DENVER (Reuters) - A federal judge upheld gun laws on Thursday introduced by Colorado in the wake of deadly shooting rampages there and in Connecticut, dismissing a lawsuit filed by sheriffs, gun shops, outfitters and shooting ranges.
U.S. District Chief Judge Marcia Krieger issued her ruling after a two-week civil trial in Denver. The measures signed into law by Governor John Hickenlooper in 2013 included banning ammunition magazines with more than 15 rounds.
The bills were introduced in response to a shooting spree in 2012 that killed 12 people at a suburban Denver movie theater and the slaying the same year of 20 children and six adults at an elementary School in Newtown, Connecticut.
They immediately met resistance from critics, including most of the state’s elected sheriffs, who said they severely restricted citizens’ constitutional right to own and bear arms.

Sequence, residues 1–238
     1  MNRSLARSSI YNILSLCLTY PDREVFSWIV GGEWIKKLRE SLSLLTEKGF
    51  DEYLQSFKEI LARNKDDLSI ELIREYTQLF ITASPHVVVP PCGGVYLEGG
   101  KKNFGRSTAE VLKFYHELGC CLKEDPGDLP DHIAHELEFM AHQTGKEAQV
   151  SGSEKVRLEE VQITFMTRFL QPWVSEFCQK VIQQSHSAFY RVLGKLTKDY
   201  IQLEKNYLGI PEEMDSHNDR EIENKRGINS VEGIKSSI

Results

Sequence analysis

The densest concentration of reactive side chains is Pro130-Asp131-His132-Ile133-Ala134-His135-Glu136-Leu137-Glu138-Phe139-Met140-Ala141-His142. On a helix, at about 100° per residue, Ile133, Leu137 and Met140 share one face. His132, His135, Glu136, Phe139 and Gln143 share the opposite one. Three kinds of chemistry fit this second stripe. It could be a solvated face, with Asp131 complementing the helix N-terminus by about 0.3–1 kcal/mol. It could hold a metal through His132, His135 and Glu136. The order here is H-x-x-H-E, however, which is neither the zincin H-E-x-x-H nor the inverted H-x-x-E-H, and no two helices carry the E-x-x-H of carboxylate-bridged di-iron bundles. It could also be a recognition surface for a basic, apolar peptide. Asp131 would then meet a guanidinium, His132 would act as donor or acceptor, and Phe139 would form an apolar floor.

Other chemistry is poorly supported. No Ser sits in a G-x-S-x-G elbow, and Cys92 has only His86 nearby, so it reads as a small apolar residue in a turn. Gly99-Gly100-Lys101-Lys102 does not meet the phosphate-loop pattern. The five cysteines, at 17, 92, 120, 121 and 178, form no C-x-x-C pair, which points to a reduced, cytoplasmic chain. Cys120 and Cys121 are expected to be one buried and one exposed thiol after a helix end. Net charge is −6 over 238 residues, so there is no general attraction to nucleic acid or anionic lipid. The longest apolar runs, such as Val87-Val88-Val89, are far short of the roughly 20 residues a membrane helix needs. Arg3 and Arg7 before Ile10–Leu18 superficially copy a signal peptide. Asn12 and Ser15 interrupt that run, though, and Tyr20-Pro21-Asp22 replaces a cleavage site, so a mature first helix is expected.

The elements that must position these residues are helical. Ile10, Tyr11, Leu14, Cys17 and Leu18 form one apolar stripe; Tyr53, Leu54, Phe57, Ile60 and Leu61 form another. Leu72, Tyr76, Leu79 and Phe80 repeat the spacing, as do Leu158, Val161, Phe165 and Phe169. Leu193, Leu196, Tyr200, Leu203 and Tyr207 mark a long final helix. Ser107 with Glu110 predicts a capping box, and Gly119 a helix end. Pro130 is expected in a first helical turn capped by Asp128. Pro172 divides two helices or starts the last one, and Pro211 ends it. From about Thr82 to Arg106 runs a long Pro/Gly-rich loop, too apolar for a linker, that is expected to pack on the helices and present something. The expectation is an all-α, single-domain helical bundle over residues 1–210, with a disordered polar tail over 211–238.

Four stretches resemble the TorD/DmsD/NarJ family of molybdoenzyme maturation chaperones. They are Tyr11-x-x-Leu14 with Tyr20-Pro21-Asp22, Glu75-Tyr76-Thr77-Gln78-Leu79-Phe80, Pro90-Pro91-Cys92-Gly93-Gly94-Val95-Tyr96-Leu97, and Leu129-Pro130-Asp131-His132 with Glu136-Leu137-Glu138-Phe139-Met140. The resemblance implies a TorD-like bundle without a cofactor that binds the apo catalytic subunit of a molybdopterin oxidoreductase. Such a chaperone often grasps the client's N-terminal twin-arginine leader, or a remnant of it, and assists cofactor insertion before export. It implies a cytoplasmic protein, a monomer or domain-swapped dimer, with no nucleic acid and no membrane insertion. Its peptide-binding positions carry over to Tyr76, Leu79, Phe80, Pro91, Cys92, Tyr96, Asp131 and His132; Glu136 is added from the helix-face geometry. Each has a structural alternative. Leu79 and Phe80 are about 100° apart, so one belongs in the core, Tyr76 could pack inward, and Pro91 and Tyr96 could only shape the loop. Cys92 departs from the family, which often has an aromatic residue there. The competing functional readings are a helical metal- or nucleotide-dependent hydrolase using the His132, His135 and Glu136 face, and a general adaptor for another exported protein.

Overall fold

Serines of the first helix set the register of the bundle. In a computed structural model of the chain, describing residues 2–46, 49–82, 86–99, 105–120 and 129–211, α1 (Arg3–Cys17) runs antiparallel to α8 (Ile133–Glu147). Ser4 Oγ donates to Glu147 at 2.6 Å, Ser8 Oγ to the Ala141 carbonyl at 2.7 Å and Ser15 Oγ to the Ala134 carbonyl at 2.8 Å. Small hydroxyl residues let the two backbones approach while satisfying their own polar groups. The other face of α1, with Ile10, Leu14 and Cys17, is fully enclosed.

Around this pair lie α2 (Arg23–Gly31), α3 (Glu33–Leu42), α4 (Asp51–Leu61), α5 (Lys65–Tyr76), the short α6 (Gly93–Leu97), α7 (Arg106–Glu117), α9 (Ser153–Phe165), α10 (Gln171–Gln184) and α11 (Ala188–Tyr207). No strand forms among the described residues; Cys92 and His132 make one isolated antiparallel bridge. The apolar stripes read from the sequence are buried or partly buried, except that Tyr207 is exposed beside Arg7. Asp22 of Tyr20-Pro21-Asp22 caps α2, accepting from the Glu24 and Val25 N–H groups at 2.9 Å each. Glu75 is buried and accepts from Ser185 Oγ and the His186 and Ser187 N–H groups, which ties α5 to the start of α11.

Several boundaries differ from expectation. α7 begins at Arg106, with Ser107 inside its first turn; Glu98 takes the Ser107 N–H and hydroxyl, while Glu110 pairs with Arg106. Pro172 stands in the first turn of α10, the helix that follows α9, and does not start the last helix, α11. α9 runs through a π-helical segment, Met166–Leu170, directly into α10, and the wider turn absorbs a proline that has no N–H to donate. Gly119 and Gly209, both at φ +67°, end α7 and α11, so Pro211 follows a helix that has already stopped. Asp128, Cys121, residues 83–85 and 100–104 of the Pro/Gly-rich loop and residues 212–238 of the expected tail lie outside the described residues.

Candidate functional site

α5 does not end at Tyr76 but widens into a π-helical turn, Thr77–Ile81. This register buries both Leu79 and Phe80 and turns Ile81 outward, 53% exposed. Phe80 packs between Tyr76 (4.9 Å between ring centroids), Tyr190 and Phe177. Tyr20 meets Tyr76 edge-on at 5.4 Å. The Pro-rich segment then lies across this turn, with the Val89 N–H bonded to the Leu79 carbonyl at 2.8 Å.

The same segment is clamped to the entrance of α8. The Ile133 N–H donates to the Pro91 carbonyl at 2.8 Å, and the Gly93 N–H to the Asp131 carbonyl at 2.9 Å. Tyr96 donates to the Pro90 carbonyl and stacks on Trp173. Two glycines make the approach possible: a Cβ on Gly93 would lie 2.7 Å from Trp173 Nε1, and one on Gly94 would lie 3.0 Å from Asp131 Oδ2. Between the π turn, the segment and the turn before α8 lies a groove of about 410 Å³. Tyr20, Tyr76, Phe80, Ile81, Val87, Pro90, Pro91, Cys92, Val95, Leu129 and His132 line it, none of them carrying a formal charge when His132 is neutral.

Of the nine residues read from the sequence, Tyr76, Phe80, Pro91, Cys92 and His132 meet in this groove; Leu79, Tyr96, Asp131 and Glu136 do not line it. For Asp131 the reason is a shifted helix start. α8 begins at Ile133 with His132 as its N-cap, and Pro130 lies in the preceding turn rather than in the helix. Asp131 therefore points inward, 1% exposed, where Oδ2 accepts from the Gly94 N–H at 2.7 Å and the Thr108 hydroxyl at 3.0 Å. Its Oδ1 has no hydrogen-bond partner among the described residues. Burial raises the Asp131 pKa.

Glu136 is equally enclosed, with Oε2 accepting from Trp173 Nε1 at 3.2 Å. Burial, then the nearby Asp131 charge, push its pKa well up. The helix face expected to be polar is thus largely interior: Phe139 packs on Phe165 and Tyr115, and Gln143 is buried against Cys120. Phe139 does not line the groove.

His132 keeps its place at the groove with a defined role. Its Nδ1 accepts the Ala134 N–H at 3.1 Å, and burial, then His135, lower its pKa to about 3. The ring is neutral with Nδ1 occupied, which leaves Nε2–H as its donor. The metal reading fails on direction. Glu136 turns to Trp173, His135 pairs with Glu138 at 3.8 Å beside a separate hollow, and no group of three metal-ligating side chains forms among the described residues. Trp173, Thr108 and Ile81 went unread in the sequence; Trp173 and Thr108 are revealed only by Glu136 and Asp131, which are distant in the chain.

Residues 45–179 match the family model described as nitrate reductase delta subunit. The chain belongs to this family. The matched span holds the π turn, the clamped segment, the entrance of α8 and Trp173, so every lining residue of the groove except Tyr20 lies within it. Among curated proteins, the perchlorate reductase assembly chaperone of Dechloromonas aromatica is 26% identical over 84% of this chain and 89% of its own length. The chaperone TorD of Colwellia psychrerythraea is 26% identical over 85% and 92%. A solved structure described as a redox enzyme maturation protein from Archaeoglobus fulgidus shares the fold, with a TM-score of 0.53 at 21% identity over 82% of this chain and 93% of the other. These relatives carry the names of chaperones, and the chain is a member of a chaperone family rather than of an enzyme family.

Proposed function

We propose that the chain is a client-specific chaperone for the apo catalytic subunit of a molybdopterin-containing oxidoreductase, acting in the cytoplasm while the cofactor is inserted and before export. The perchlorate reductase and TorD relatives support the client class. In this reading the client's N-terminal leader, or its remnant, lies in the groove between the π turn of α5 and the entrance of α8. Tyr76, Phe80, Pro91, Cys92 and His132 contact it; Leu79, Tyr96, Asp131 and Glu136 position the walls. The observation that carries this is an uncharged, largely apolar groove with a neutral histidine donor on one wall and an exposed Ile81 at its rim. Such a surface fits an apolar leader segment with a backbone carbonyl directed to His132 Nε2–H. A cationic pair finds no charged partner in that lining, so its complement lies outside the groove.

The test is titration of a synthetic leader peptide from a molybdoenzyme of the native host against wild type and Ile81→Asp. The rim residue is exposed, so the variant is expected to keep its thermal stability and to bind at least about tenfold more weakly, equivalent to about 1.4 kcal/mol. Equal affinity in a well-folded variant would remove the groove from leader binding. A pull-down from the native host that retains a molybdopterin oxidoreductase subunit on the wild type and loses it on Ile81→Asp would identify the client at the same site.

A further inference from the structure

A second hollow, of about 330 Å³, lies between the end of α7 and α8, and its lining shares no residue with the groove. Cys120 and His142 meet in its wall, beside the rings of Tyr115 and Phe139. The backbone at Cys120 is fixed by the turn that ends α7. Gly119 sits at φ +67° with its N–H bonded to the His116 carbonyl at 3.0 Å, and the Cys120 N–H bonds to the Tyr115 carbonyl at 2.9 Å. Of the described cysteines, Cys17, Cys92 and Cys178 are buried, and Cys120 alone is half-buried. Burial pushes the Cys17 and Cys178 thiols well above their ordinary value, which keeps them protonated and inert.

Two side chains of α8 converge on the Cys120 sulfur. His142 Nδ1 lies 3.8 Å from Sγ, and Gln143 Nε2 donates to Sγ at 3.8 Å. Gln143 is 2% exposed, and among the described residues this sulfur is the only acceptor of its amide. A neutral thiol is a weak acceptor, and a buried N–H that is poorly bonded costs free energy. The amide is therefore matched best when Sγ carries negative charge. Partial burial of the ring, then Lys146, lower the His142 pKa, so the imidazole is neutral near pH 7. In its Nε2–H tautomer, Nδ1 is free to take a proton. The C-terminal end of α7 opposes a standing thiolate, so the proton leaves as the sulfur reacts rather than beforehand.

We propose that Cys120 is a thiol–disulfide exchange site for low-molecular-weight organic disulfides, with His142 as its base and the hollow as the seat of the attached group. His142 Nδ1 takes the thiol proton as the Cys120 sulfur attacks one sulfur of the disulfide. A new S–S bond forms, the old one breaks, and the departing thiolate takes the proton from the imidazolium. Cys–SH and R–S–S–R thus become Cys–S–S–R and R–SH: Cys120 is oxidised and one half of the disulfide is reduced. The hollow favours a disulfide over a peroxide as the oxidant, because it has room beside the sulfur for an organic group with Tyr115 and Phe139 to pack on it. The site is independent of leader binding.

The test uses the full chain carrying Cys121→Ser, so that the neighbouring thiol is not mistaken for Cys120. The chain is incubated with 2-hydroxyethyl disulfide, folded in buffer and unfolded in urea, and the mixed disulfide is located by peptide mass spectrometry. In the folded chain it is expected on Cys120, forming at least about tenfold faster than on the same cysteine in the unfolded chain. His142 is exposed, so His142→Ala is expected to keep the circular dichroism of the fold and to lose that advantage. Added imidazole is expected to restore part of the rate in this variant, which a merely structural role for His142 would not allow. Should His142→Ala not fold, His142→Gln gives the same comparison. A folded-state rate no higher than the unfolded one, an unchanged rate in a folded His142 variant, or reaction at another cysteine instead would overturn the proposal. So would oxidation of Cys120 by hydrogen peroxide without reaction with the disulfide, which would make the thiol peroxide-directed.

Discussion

The measures, passed by Colorado’s Democratic-controlled legislature with scant Republican support, also required background checks for all private gun sales and transfers. The sheriffs said they had insufficient resources to police them.
Colorado’s Republican Attorney General John Suthers said in a statement his office never claimed the laws were “good, wise or sound policy,” but that it had fulfilled its responsibility to defend the constitutionality of the state law in question.
Reporting by Daniel Wallis; Editing by Sandra Maler